Next, I have started to second guess my speaking skills. I have always thought that the neuron, the fundamental cell of the nervous system, was pronounced “nur-on”. In fact, I have never heard it pronounced any other way until Monday, when 4 separate neurologists called it a “nur-own”. Is this some sort of professional neuroscience thing to mark the pros from the outsiders? What’s going on? We need to ask the teaching staff to address this ASAP. Every time they confidently talk about nurrowns, i feel a little bit like a morrown.

Finally, I have realized that nobody really understands the brain. I don’t mean that we know nothing about it, just that we don’t understand it. Yes, we understand the areas of the brain that process certain information. We know tracts of the spinal cord and the types of sensations they relay. We even know the functions of the brainstem and midbrain. What no one really understands is how all of this happens. Even in “smaller” nuclei in the brain, there are something like a million neurons synapsing together. There is a huge body of scientific knowledge on what a neuron does and how it functions, but a complete lack of explanation as to how a billion neurons together create conscious thought. The brain is the most complex organ in the body, home to all of our higher orders of reasoning, memory, emotion, and thought. It’s amazing, but we still don’t actually understand it.

This is the first cool brain image Google brought me.

I was talking about this with my family last weekend. Have you ever seen a 30 second commercial for an antidepressant drug, followed by a full minute of side effects and warnings? It’s because we still don’t get the brain. Compare that drug to, say, an antibiotic. We know exactly how that antibiotic is metabolized, the effect it has on bacteria, side effects on the patient, and certain kinds of infections that can be more easily treated with that drug. An antidepressant is far more complicated. For an SSRI, for instance, we know what it is supposed to do, but this action causes a huge amount of side effects due to its action on the brain and neurotransmitter levels. Why would this drug cause suicidal tendencies in younger patients? Good question.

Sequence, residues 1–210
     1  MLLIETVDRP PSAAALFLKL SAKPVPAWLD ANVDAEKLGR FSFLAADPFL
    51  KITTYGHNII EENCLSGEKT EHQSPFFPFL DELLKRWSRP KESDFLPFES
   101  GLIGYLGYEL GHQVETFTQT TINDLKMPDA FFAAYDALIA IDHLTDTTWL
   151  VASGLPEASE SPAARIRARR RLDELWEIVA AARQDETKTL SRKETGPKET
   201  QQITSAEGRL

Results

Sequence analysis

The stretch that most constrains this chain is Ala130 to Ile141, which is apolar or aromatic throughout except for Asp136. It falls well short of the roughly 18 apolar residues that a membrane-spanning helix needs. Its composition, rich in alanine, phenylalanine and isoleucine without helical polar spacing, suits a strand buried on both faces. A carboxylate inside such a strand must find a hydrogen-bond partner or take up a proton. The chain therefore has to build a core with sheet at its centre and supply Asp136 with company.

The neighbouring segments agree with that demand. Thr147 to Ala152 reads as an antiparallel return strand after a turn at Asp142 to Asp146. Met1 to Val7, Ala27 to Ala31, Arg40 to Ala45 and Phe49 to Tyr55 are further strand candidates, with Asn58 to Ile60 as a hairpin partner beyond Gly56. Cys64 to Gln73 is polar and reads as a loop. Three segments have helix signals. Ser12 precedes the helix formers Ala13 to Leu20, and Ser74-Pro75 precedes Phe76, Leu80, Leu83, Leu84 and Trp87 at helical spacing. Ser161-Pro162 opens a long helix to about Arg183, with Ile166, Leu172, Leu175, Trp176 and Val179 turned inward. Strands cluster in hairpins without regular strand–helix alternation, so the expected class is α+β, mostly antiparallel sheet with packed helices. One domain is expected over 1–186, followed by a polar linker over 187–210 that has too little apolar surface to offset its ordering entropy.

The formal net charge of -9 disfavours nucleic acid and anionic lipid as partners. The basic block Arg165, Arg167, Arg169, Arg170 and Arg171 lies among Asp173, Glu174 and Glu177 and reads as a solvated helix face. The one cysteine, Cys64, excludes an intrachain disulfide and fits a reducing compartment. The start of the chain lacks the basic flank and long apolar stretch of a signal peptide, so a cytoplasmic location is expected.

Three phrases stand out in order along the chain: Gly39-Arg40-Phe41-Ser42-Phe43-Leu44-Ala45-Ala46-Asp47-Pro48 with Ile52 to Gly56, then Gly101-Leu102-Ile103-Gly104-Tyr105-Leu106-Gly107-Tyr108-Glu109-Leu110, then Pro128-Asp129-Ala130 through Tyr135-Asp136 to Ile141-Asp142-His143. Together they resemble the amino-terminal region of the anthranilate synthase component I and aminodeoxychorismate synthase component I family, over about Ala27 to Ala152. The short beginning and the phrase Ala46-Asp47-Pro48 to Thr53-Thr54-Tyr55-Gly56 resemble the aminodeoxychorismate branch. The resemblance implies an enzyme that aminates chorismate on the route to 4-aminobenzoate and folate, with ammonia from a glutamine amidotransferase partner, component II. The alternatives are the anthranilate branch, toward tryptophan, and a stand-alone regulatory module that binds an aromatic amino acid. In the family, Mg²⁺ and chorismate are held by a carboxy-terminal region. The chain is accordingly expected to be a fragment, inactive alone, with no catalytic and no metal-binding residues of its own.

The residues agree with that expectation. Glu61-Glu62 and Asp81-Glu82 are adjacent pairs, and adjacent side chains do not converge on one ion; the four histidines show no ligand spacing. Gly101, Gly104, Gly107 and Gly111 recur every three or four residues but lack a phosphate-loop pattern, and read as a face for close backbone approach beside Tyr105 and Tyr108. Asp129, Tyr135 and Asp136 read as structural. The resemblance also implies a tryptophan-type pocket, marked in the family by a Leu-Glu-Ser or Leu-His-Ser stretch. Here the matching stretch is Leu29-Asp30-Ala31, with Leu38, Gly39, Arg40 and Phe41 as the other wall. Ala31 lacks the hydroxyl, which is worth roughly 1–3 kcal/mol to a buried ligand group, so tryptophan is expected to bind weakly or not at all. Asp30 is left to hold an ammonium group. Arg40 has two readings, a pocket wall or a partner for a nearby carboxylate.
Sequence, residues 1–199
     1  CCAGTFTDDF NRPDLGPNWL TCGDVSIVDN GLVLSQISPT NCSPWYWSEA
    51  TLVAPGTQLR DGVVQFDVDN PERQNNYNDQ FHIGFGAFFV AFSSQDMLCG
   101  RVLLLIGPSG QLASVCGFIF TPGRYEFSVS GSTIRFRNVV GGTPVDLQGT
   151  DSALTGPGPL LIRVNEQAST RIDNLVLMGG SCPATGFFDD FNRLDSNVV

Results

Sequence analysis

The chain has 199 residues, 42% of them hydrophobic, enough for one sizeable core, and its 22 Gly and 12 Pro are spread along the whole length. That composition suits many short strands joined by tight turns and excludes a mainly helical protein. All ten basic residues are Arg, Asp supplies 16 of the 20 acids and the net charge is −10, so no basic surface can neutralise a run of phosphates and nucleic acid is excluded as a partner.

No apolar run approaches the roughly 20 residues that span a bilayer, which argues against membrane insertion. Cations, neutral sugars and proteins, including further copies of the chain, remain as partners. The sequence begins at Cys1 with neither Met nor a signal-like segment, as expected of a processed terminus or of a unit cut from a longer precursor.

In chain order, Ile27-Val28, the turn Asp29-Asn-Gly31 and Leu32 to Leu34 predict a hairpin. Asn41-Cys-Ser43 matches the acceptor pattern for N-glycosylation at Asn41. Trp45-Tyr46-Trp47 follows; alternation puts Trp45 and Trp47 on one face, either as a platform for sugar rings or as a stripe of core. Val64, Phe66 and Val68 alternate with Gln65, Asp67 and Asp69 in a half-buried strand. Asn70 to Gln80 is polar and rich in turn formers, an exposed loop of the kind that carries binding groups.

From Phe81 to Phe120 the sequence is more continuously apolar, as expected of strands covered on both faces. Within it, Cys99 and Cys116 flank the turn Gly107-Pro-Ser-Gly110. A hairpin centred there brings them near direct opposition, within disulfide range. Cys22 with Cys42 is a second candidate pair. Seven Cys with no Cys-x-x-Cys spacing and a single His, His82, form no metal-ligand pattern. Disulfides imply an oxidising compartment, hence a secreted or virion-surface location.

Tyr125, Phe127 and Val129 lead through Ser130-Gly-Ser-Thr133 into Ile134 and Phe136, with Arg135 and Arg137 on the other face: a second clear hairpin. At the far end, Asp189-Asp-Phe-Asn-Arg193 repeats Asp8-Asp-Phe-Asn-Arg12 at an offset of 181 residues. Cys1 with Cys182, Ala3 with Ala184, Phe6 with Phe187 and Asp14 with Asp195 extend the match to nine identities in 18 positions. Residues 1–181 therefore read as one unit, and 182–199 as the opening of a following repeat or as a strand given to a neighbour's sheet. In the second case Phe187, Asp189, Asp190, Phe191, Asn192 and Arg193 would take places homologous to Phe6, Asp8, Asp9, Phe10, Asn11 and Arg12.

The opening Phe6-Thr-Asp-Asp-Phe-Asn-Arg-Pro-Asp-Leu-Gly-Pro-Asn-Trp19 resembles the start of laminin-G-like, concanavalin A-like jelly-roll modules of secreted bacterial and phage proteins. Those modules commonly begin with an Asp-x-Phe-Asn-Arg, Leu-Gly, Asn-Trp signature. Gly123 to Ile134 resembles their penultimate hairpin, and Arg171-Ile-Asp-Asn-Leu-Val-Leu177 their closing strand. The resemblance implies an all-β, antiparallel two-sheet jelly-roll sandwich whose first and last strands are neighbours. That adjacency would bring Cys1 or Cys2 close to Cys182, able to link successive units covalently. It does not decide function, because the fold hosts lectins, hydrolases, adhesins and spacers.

I really like studying neuroscience because I think humans have awesome brains. We have enormous brains, by the way. Why are babies born so young and relatively helpless? Because otherwise their enormous brains would be too big to squeeze through the birth canal. Our skeleton is designed to support a large skull full of brains, and our metabolism is geared to continually supply our brains with the energy it so desperately demands. The most spectacular part of our brains is the interconnections, or synapses. This is where the magic happens. This is why humans are so fundamentally different than any other animal. The interconnected nature of the brain is the reason we make music, paint pictures, write stories, love, hate, and want things. It’s the reason certain smells can evoke such vivid memories, and it’s the reason we can even undertake an effort to learn about our own amazing cognitive ability.